We've discussed at length how AT&T's "IP transition" is being framed as some sort of evolutionary transition toward a "glorious all-IP future," but is really largely about AT&T gutting regulations in order to hang up on POTS and DSL users they simply don't want to upgrade
. After Verizon used Sandy as an excuse to refuse to upgrade their own unwanted POTS and DSL customers, the FCC stepped in to mandate two small IP transition trials
to help analyze what kind of problems we can expect as users are cut off from the PSTN and pushed on to wireless.
The problem, as we've now stated countless times, is despite its "archaic" reputation, many people are still using and quite enjoying their traditional POTS landlines and DSL connections. Being upgraded to fiber is one thing, but what AT&T and Verizon are planning to do is gut copper POTS and DSL, while claiming heavily capped and very expensive wireless data will be good enough.
Case in point is one of the two locations where AT&T will be conducting trials: Carbon Hill, Alabama. According to the Wall Street Journal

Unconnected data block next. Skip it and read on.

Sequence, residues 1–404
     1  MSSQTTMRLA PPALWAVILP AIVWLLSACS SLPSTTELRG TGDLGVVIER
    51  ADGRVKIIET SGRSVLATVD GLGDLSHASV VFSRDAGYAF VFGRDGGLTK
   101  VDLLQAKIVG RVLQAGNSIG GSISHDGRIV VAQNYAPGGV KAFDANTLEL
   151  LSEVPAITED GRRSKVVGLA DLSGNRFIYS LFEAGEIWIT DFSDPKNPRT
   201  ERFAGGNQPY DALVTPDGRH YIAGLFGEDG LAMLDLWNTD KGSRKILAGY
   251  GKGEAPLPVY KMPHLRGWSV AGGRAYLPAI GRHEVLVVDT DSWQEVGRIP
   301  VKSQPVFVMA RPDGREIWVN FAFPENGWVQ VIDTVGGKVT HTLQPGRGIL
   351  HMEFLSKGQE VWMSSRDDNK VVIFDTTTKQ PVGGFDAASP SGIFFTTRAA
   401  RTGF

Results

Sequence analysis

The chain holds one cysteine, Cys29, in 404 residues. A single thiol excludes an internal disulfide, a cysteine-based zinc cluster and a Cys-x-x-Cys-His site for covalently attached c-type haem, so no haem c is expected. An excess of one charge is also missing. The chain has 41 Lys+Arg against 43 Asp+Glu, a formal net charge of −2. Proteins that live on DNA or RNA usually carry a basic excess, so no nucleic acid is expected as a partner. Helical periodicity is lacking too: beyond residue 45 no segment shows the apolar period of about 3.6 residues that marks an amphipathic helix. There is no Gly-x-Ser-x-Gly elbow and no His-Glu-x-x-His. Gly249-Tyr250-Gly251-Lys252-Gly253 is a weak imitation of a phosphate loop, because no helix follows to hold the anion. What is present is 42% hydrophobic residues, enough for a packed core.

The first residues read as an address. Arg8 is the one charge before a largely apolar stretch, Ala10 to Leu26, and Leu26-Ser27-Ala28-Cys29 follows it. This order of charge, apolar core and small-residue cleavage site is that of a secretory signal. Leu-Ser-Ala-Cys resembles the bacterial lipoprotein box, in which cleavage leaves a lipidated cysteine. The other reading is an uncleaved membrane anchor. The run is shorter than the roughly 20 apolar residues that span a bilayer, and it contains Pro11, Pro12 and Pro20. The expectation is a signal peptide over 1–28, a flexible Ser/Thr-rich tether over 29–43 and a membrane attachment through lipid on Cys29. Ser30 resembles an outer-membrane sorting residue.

, locals there are a little annoyed that they're being used as guinea pigs while at the same time losing functionality they'd prefer stick around:
AT&T's top executive in Alabama, Fred McCallum, wrote that the proposed changes are an "exciting opportunity for our customers and for our company." But Carbon Hill City Clerk Janice Pendley says some people in the former mining town are apprehensive. "Some of them like their landline, and they like it just the way it is," she says.
The Journal touches on the fact that competitors will also be cut out of the equation as the telcos sever these traditional connections they're unwilling to upgrade. The Journal doesn't mention how as these companies exit these areas they're going to make broadband even less competitive than it is now (protip: not very much), giving cable a stronger monopoly resulting in higher rates and even poorer customer service.